Despite doubts that Philadelphia’s activists could sustain the momentum of constant planning, organizing and demonstrating, they’re still organizing near-daily events throughout the city in response to Trump administration policies.
In February, Facebook event pages rallied protesters against the Dakota Access Pipeline, the planned repeal of the Affordable Care Act and Betsy DeVos’s appointment as Secretary of Education. Many gatherings took place often just to reaffirm frustration with the new administration. Even as we approach the third month of Trump’s presidency, Philly Socialists, Tuesdays with Toomey, Black Lives Matter and other groups are still creating opportunities for people to voice their concerns.
Here’s a running list of demonstrations, workshops and other political events planned for March.
If you know about others, please let us know at email@example.com.
Wednesday, March 1
The Tuesdays with Toomey crew has a special event planned to welcome the U.S. senator to his new location in Old City. Constituents will greet him at 200 Chestnut St. from noon to 2 p.m. on Wednesday, then resume their regular Tuesday events. The organizers encourage anyone interested in attending to bring signs and welcome gifts. They say they hear his office could use some more phones.
Thursday, March 2
From 6-9 p.m. on Thursday, Smokin’ Betty’s and the Young Advocates of Philly are raising money for Planned Parenthood. A draft list and raffle prizes will be announced on the Facebook event page.
Mijente, a national Latinx and Chicanx organization; and Juntos, a Philadelphia based Latino immigrant community, are inviting people to rally at City Hall Thursday afternoon to defend Philly’s status as a sanctuary city.
The Jewish Federation of Philadelphia will host this public gathering at noon on Independence Mall in light of recent anti-semitic acts, including the toppling of hundreds of headstones in a Northeast Philadelphia Jewish cemetery.
Friday, March 3
Rising Tide Philly, a grassroots environments group, will march from Thomas Paine Plaza to the buildings of banks funding the Dakota Access Pipeline. The march is from 3 p.m. to 5 p.m.
Mayor Jim Kenney and other city officials will join LGBTQ advocate groups at 3:30 p.m. at City Hall to talk about what President Donald Trump’s new policies mean for transgender students, and how parents and students can get involved.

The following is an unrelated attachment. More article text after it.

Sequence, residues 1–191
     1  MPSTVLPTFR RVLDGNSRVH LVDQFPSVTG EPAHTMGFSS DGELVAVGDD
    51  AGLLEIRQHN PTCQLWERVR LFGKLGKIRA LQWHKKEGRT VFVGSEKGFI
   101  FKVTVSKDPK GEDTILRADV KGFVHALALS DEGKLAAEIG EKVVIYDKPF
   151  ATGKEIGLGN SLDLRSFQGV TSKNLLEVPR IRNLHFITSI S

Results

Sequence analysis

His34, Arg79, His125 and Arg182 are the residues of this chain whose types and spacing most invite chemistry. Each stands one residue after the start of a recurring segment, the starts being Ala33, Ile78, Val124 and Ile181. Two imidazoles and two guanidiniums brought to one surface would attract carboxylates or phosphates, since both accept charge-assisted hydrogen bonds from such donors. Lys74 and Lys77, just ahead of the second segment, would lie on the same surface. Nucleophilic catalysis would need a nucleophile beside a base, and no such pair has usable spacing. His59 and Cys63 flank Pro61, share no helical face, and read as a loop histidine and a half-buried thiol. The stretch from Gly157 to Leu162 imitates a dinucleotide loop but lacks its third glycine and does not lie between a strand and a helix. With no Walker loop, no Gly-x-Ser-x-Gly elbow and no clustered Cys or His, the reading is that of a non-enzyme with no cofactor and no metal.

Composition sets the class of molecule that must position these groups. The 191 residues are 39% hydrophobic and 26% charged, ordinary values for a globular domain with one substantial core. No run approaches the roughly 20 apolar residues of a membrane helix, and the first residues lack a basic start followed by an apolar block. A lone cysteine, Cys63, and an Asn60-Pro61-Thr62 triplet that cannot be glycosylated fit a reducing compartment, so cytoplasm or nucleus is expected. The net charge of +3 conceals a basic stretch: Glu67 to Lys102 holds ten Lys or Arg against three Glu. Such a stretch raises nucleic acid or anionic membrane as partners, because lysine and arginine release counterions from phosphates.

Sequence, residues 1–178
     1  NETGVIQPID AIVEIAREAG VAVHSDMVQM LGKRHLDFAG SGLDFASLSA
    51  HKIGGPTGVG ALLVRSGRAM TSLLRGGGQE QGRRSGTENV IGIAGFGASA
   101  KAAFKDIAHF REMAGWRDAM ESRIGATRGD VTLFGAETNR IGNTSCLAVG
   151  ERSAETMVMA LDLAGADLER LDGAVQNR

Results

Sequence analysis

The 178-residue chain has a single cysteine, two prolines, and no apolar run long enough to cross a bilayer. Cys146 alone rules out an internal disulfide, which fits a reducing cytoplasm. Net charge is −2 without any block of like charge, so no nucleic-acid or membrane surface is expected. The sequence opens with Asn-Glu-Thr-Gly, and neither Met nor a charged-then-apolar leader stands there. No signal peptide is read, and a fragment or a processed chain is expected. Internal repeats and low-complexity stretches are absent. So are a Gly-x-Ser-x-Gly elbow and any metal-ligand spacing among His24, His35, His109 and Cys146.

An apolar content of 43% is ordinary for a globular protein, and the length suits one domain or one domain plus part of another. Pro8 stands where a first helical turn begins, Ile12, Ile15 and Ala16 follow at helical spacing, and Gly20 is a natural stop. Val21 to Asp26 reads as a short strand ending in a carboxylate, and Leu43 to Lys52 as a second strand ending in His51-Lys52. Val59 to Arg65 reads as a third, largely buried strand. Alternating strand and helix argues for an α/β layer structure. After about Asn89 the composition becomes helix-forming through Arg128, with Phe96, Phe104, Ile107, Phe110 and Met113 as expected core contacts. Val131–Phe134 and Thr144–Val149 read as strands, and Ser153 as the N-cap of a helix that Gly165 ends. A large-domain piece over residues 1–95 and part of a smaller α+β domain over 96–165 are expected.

Sunday, March 5
Musicians and poets will perform for an all-ages show at the University City Arts League to raise money for the Nationalities Service Center, which provides resources to immigrants and refugees. The event is donation-based and starts at 12:30 p.m.
Irish musicians and singers will play at Fergie’s from 2 p.m. to 6 p.m. as part of a national event series to support the ACLU.
Monday, March 6
At 6:30 p.m. at WHYY, StateImpact Pennsylvania will hold a discussion on the fate of water quality under the Trump administration, focusing particularly on the Waters of the U.S. Rule covering federally protected waterways.
Tuesday, March 7
Join the Workers World Party as women and transgender people gather to support women’s rights and equality at Calvary Church on Baltimore Avenue at 6:30 p.m.
Tuesdays with Toomey gathers weekly at 12:20 p.m. outside U.S. Sen. Pat Toomey’s office at the United States Custom House at Second and Chestnut streets.
Wednesday, March 8
As a followup to the women’s marches that took place in Washington, D.C. and around the world, International Women’s Strike USA calls on women around the world for a day of action “not just against Trump and his misogynistic policies, but also against the conditions that produced Trump, namely the decades long economic inequality, racial and sexual violence, and imperial wars abroad.” Here, Philly Socialists is organizing an event to remember the International Ladies’ Garment Workers’ Union strike of 1908 and “everything that has followed since then.” Philly Socialists will update the Facebook event page with more information for the event.
Defend Our Future Pennsylvania will hold a panel on the economic, environmental and social intricacies of the controversial pipelines at 6 p.m. at Beury Hall on Temple University’s campus.
Thursday, March 9
Chhya, a South Philly cafe, is offering food and blank postcards in exchange for citizens exercising their First Amendment rights by writing to the president and their representatives. The event is BYOB and BYOS (bring your own stamp), and Chhya asks for a small donation to help cover the cost of the postcards. The event is at 6 p.m.
Temple University FMLA, Bridge TU and Defend Our Future Pennsylvania will sponsor a rally a the bell tower in the center of Temple University’s main campus to celebrate intersectionality and inclusion while voicing various concerns over the Trump administration. The rally is planned for 5 p.m. to 7 p.m.
Friday, March 10
The Standing Rock Sioux and other grassroots native groups are organizing and leading a march on Washington DC to protest the Dakota Access Pipeline, and Philly with Standing Rock is making sure area allies are able to get there and back. Tickets for a seat range from $30 to $45, but Philly with Standing Rock will work with anyone who can’t afford to pay for a seat but would still like to march. Catch the bus at 3105 JFK Blvd. at 6:30 a.m.
The Philadelphia Tenants Union discussion will cover the HUD’s responsibilities, Ben Carson’s positions, HUD funding, and how to successfully advocate for HUD. 3 p.m. at University Square.
Saturday, March 11
The Solidarity Forum has convened several organizations for this 1 p.m. event at Arch Street United Methodist Church. Attend to meet your match and get involved.
Councilwoman Helen Gym will discuss how to effectively influence local officials and representatives, and local progressive organizations will share information on their work and any upcoming events.
Register for the 4:30 p.m. livestream viewing of ACLU’s launch of People Power. Learn about your rights and how to resist Trump’s policies.
Sunday, March 12